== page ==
On June 20, 2016, Justice Singh of the New York County Commercial Division issued a decision in Pegasus Strategic Partners, LLC v. Stroden, 2016 NY Slip Op. 31159(U), holding defendants who were not parties to an agreement with a forum selection clause to nonetheless be bound by that clause.
In Pegasus Strategic Partners, three of the defendants were not parties to the agreements that contained the forum selection clauses that formed the basis for the court’s assertion of jurisdiction moved to dismiss for lack of personal jurisdiction. The court denied the motion with respect to two of the defendants but granted it for the third, explaining:
Defendants also claim that the motion to dismiss should be granted to those Individual Defendants who are not parties to the SP A and the IRA because they are not subject to the forum selection clauses. The court grants Defendants motion to dismiss as it pertains to defendant Hecht but denies Defendants motion as to defendant Besancon and van Seenus.
There are three circumstances in which a non-signatory may invoke a forum selection clause. First, an entity or individual that is a third-party beneficiary of the agreement may enforce a forum selection clause found within the agreement. Second, parties to a global transaction who are not signatories to a specific agreement within that transaction may nonetheless benefit from a forum selection clause contained in such agreement if the agreements are executed at the same time, by the same parties or for the same purpose. Third, a non-signatory that is closely related to one of the signatories can enforce a forum selection clause. A non-signatory is considered closely related to one of the signatories and can enforce a forum selection clause when the enforcement of the clause is foreseeable by virtue of the relationship between them. The non-signatory defendant must have a sufficiently close relationship with the signatory and the dispute to which the forum selection clause applied.
The determination as to whether defendant Besancon and defendant van Seenus are closely related to BeOn holdings and the dispute is a factually intensive analysis. The closely related analysis is not bound solely to corporations or corporate officers. Directors can also be found to be closely related.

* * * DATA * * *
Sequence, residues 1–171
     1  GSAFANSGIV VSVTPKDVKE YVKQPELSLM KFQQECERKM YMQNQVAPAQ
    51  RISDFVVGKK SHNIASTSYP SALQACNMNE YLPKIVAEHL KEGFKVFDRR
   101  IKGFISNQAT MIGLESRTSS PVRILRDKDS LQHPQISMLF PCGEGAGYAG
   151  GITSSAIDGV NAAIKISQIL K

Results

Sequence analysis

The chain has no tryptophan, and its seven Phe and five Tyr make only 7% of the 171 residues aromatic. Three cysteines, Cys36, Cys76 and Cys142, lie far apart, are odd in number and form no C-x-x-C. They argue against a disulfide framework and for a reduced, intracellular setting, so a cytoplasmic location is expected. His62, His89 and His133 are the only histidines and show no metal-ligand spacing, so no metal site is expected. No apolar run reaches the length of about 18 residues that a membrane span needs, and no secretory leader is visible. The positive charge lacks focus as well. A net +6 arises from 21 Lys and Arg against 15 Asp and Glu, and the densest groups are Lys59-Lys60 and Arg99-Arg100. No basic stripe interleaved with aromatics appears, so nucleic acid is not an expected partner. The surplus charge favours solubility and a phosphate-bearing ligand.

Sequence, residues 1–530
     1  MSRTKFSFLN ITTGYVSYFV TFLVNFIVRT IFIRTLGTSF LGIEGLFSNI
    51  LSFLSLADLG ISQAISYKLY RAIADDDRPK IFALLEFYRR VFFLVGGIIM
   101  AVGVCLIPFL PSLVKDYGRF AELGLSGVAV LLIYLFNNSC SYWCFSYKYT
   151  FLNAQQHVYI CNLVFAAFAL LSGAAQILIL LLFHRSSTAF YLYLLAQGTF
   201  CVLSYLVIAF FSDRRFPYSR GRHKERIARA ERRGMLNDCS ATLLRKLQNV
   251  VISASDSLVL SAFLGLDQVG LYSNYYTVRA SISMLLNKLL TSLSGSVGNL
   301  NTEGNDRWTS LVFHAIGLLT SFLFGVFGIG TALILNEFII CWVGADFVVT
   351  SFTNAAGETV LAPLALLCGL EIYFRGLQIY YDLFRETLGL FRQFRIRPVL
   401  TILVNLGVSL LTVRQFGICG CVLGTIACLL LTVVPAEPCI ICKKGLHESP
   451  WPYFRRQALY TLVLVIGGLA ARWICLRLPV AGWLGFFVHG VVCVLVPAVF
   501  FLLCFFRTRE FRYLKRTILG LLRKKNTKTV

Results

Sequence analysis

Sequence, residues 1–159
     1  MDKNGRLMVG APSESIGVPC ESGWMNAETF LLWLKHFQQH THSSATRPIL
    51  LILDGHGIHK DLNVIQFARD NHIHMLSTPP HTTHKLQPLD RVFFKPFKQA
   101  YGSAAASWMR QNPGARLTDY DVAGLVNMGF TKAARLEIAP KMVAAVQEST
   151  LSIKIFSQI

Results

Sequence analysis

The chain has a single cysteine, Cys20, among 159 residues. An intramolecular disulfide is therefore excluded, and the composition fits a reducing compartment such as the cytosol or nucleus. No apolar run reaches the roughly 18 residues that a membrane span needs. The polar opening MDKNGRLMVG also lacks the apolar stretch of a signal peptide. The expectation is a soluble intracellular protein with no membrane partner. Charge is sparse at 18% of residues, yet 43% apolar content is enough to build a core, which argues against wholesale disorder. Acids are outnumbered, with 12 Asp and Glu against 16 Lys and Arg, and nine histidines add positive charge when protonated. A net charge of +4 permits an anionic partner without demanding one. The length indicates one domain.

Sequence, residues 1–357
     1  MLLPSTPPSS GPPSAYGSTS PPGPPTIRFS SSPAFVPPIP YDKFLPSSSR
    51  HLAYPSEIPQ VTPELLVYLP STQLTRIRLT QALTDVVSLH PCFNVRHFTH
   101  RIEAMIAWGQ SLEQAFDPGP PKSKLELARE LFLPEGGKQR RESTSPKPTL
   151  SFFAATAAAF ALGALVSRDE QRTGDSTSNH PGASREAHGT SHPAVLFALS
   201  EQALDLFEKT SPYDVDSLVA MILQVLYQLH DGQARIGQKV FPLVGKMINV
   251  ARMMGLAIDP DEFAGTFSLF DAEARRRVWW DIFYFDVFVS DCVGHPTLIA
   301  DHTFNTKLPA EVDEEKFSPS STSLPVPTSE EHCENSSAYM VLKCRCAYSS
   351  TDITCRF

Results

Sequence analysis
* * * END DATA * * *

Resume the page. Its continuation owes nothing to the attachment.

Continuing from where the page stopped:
Here, plaintiffs correctly assert that defendant Besancon and defendant van Seenus are closely related for purposes of the forum selection clause. Although both defendants are non-signatories to the SPA, they are both listed as directors of the Company. Additionally, both defendants have a nexus to the dispute as they sought to benefit from this debt offering allegedly at plaintiffs’ expense. Defendant Besancon and defendant van Seenus, acting as directors of the Board of the Company, approved the Amended Articles, which allegedly diluted plaintiffs minority interest. Additionally, both defendants allegedly refused to allow plaintiffs to participate in the debt offering. Finally, defendant van Seenus’ company was permitted to convert all of its common shares to preferred while only contributing $25,000, which was well below its pro rata ownership interest. Therefore, it was reasonably foreseeable to defendant Besancon and van Seenus that the forum selection clause would be applicable to any lawsuit against these closely related individuals in connection with their role as directors of the Company.
. . .
Defendant Hecht is not closely related to the transaction or to the Company and therefore defendant’s motion to dismiss is granted only as it pertains to defendant Hecht. At the time the SPA was signed, defendant Hecht was not a director of the Board. When a non-signatory has no relationship to the underlying transaction, they cannot be held to be closely related nor subjected to the forum selection clause.
(Internal quotations and citations omitted) (emphasis added).